I had a great time at the 2015 Maryland Sheep and Wool Festival over the past weekend. I scored some really lovely fleeces, saw lots of sheep, bought lots of fiber and fiber-related things, took a class with the lovely Maggie Casey, got to be in the same room as said Maggie Casey and Judith MacKenzie at the same time, and watched part of the sheep-to-shawl competition.
This is a gorgeous mutlti-colored Icelandic fleece that I got at the Icelandic Sheep Breeder's booth. It is just so lovely and I can't wait to start processing it:
This is a very lovely Romeldale x Rambouillet fleece I got. A note tucked in with the fleece said that the owner's sheep hadn't been coated this year because they were hired by Apple to graze under their solar panels to keep the grass shorn instead of using lawn mowers (the coats snag on the panels). It's so nice when a little information is included with the fleece:
I also got a very lovely California Red fleece, and a very lovely Finn x BFL fleece. I'm excited about all of my fleeces this year and can't wait to see what types of yarns they will produce.
As I mentioned, I watched part of the sheep-to-shawl competition. It started at 8:00 AM with the shearing of the sheep and ended at about noon with the judging of the finished and washed shawls. The shawls were auctioned off after the completion. Here are some pictures of the teams, they all had themes, the most notable of which was the OZ team. In some of the pictures you can see the freshly-shorn fleeces that the teams are carding, spinning, and weaving into their shawls:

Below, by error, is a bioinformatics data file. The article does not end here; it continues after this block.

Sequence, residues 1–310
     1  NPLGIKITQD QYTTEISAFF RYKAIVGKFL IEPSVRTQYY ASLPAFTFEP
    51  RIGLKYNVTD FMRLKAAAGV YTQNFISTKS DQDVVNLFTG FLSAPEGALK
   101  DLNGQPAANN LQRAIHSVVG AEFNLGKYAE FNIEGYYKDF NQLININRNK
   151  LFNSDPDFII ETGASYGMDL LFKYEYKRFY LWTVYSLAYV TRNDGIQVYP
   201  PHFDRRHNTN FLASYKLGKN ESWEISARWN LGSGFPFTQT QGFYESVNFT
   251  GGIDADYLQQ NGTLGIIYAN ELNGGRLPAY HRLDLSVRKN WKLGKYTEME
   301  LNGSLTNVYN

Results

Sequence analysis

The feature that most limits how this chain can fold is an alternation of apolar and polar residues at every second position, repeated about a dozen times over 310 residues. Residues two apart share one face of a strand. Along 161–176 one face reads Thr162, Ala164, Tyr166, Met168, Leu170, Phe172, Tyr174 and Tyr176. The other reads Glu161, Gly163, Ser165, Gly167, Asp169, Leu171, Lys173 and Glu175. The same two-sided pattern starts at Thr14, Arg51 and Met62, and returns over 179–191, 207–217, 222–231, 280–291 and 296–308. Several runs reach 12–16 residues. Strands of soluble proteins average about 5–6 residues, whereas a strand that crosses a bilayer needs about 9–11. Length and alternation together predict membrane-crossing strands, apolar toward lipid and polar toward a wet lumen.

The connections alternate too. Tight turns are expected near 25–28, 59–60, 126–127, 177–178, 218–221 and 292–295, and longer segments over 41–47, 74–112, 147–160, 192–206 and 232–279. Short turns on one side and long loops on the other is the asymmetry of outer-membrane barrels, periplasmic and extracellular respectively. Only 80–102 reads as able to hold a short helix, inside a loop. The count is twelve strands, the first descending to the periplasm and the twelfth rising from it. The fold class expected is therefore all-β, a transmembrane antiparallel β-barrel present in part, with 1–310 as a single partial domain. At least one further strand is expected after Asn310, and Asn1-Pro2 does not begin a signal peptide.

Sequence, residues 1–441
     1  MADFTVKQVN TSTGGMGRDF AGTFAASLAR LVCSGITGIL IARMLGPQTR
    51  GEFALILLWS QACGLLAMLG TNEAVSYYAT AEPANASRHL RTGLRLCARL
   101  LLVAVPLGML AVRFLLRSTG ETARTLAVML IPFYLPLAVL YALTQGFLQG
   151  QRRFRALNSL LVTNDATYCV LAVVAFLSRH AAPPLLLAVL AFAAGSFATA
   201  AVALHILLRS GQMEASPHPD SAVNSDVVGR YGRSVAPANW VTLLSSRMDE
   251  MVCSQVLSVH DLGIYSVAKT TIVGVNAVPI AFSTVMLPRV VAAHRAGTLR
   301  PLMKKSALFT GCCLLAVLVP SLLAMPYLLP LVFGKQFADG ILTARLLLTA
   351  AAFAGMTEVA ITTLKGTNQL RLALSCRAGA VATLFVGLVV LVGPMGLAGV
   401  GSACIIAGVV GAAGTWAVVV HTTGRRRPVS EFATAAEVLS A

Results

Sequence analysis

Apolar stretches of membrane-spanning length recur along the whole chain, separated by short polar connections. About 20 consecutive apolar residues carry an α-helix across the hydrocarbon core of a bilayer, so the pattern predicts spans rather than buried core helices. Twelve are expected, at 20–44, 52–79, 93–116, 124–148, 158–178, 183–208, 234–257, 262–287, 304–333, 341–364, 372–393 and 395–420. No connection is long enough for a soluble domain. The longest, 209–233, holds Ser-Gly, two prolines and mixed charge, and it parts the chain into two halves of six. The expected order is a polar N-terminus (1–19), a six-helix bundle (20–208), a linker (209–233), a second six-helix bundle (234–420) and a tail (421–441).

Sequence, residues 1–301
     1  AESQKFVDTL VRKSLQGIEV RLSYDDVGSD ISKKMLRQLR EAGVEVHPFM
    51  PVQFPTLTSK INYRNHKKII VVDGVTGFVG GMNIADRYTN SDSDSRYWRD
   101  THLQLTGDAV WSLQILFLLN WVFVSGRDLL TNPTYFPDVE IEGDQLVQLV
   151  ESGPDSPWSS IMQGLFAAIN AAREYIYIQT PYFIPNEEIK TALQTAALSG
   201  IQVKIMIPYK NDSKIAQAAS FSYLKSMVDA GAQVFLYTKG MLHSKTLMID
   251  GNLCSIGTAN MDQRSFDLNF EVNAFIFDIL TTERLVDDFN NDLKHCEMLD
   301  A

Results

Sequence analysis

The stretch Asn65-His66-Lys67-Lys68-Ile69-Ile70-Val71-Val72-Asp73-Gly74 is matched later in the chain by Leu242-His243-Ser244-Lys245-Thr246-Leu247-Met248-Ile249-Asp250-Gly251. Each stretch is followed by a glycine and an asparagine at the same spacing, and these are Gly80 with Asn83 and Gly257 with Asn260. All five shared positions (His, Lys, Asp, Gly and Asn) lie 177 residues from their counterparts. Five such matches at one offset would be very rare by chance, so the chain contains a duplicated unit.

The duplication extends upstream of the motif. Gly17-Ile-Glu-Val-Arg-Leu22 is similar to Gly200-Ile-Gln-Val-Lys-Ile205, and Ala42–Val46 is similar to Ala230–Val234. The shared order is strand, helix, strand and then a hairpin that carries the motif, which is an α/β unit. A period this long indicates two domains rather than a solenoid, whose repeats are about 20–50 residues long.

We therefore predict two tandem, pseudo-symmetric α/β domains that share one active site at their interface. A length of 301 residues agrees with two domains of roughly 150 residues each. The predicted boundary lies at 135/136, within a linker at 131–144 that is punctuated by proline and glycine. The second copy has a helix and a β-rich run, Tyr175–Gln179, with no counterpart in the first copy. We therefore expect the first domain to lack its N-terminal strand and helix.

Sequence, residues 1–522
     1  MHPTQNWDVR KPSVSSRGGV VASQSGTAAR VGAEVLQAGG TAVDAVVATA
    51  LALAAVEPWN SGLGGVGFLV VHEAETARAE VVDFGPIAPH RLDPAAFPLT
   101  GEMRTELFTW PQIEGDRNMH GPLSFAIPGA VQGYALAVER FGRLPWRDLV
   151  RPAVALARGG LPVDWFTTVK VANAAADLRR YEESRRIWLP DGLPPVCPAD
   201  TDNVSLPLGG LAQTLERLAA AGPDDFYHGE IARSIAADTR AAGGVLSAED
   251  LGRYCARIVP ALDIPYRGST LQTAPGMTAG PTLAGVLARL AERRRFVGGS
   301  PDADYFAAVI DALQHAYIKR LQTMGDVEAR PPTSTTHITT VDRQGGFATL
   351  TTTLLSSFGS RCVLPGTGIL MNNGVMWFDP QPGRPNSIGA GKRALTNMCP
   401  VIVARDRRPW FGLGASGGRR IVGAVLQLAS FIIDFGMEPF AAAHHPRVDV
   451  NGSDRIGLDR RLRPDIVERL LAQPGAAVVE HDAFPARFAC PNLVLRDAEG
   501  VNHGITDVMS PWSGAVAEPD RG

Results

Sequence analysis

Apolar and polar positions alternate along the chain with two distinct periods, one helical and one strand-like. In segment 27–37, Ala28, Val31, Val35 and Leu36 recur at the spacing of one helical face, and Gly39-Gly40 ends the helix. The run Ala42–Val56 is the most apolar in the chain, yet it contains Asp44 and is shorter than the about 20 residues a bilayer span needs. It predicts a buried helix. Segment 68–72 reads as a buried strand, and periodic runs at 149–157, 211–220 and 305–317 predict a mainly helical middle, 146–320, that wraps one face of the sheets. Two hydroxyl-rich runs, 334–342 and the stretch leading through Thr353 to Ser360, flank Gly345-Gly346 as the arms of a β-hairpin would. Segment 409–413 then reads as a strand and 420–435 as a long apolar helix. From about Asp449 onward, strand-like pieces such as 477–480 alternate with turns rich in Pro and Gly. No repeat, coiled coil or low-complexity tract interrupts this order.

And last but not least, here is a picture of a little Barbados Blackbelly lamb. I love walking through the barns with the sheep pens, there are so many different breeds all in one place. The Barbados Blackbellies were very distinctive and are prized for their lean and mild-tasting meat. They are a hair breed, meaning that they don't produce wool. Their hair is very stiff, almost like a bristle-brush - at least the mother of this little lamb felt like that when I petted her:
My California Red fleece actually has some Barbados Blackbelly in it! California Reds resulted in a cross of Tunis sheep and Barbados Blackbelly. I got a really nice fleece, I think it was the softest of the handful of California Reds there were to choose from. I'm looking forward to working with this wool - I love trying out new breeds and crosses that I haven't had a chance to work with before.
I am busy washing fleeces now, along with all of my other woolly and fiber pursuits.